Forever Chemicals In North Carolina Water


The safety rules for going on a trip to the beach are pretty standard.  Reapply sunscreen, wear a life jacket, and do not drink the tap water that could be detrimental to human health.  That last one may sound shocking, and it should.  When my family and other North Carolinians found out about the tap water problem on the coast, it was already years after it had begun.  We were upset to find out that we had already ingested so much of the water without knowing the issues it had.  Then, we had to take measures to not ingest any of it in the future.  Now, whenever we go to the beach, we have to bring at least five gallon jugs of water from Raleigh with us for a one weekend stay.

Clean water is one of the most important factors for a livable and prosperous environment.  However, according to a 2019 study conducted by the Environmental Working Group, our own Brunswick County on the coast of North Carolina, has the highest PFAS levels in tap water detected in the entire nation.

As outlined by the United States Environmental Protection Agency, “Per- and polyfluoroalkyl substances (PFAS) are a group of synthetic chemicals that have been in use since the 1940s.”  The most studied of these chemicals are PFOA and PFOS.  Research outlined by the EPA has revealed that exposure to these chemicals can result in tumors in animals, low infant birth weights, and effects on the immune system.  They can also reduce the effectiveness of vaccines, cause thyroid hormone disruption, and cause cancer.  These high concentrations of them do not belong in our state’s water, or anywhere else.

PFAS are also known as “forever chemicals” because they take a long time to break down in the environment.  One such chemical is known as GenX.  GenX has been dumped into the Cape Fear River since 1980.  A company called Chemours has been disposing of GenX in the river, with no regard for the environment or the people living there.  GenX was introduced in 2009 to replace PFOA because of PFOA’s link to cancer and other environmental concerns.  However, it was later reported that GenX poses many of the same health and environmental threats.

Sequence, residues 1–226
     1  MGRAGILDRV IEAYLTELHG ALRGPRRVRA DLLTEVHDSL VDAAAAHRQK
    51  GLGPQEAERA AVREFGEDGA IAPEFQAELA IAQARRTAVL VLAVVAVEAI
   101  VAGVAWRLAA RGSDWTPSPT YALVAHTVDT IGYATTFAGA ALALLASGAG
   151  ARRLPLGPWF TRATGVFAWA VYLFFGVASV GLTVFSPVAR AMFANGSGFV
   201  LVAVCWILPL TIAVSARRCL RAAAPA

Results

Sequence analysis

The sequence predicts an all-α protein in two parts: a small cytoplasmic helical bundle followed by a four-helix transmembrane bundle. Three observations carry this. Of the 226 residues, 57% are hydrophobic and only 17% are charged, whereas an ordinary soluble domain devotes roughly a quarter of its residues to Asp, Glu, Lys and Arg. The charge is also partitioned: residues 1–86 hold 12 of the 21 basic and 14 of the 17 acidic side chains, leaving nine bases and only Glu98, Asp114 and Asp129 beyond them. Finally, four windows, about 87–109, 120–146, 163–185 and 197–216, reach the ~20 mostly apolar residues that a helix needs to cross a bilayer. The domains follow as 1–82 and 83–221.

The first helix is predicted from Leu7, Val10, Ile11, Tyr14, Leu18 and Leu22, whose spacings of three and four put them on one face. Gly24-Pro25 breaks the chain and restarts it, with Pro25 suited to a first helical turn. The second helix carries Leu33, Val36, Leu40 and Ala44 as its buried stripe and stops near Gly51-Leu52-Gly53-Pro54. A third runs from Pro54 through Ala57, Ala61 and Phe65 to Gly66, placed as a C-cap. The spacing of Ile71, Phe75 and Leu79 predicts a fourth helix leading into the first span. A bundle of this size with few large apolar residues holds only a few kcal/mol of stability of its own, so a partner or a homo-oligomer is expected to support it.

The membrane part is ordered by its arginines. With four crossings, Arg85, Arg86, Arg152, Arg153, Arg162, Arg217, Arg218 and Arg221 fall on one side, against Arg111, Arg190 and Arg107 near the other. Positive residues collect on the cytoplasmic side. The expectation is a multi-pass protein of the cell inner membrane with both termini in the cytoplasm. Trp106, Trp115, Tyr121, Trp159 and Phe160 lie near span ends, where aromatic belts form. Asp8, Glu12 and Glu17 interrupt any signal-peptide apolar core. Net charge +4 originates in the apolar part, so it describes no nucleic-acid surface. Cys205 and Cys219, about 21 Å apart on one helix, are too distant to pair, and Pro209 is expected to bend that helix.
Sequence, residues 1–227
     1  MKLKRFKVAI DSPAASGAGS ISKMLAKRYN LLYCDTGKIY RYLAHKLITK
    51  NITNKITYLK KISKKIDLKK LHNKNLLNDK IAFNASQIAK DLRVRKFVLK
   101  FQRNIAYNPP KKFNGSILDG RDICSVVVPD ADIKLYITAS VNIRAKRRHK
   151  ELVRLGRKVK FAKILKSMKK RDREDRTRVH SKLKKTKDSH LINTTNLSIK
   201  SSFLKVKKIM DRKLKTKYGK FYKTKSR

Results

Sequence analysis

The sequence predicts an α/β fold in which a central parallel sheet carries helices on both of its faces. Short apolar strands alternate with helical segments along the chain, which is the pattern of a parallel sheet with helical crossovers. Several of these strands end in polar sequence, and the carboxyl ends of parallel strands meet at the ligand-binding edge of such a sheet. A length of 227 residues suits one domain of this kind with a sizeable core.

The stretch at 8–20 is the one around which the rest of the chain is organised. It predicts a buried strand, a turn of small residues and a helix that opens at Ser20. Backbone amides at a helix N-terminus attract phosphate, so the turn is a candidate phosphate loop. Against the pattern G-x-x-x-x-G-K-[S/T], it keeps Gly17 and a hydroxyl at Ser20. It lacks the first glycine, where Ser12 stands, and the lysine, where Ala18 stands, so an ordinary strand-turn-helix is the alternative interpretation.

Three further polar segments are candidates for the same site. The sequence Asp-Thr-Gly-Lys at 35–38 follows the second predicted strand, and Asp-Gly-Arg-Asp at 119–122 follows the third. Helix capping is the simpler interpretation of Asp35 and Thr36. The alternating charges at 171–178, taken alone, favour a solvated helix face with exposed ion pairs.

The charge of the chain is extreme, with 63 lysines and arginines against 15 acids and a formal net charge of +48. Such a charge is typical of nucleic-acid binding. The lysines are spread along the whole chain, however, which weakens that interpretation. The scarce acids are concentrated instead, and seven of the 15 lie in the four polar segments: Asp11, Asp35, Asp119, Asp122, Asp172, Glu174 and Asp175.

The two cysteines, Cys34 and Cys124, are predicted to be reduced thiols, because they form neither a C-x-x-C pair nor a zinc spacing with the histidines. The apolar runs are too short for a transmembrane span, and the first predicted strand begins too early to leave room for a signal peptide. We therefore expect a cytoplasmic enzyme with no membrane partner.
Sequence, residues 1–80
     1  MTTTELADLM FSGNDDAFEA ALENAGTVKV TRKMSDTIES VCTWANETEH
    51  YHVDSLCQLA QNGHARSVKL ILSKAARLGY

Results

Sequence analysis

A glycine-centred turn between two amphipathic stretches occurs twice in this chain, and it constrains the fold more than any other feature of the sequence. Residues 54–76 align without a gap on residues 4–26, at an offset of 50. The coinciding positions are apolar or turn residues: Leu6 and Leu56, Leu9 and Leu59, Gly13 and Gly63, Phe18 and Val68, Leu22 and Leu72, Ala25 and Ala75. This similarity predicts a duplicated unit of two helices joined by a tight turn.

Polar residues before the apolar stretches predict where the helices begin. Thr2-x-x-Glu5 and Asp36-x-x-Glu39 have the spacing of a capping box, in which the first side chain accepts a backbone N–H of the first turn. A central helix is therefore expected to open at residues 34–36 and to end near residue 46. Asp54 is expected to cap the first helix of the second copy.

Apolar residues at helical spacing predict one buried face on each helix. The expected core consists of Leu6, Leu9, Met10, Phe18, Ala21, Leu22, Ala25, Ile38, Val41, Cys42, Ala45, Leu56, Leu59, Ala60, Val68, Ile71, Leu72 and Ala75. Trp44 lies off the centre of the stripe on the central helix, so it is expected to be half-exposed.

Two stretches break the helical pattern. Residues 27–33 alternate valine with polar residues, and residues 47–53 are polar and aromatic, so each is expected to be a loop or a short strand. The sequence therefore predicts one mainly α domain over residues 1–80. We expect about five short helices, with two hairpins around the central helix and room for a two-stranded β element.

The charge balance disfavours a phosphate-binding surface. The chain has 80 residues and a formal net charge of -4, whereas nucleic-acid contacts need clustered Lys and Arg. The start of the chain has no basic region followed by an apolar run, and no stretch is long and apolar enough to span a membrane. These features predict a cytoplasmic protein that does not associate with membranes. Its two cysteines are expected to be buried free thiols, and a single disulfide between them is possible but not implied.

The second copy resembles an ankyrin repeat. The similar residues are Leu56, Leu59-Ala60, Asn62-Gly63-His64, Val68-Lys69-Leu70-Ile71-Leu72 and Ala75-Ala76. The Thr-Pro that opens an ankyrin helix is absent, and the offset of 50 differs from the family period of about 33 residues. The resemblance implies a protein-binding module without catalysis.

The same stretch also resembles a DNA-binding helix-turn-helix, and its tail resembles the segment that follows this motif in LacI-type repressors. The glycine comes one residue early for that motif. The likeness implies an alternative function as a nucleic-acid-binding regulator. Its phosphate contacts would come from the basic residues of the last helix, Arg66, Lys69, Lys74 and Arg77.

A chart that can be found on the EWG website illustrating the amount of PFAS in Brunswick County, NC water in comparison to other areas. (EWG)

And the story does not end there.  The Intercept reported in 2019 that Chemours was sending GenX waste from the Netherlands to dispose of it in North Carolina.  This is because, unlike in the Netherlands, GenX waste in the US is completely unregulated.  It is outrageous that companies are able to risk the health of American people and our environment in this manner.

When companies like Chemours get caught polluting the environment with chemicals, they apologize and hope for forgiveness until the next incident.  What we need is not reassurance.  We need more regulations on PFAS and GenX.  We need to get these chemicals cleaned up with some method, such as bioremediation, which is a process where microorganisms naturally found in soil digest contaminants.  Many methods to remove the pollutants can be expensive and time consuming, but stopping the pollution at the source is a huge step.  Stopping the pollution in its tracks will allow the environment to slowly heal on its own, even without further intervention.  

It is imperative for the people of North Carolina that our drinking water is not tainted with PFAS chemicals.  There is a serious issue when one of our coastal counties has the most PFAS in their water in the nation.  Pollution at the cost of our environment is an ongoing issue, and one that should not be tolerated.  Safe tap water should be the last of our concerns when we visit the beach, and demanding stricter regulations and their enforcement is the way to ensure it.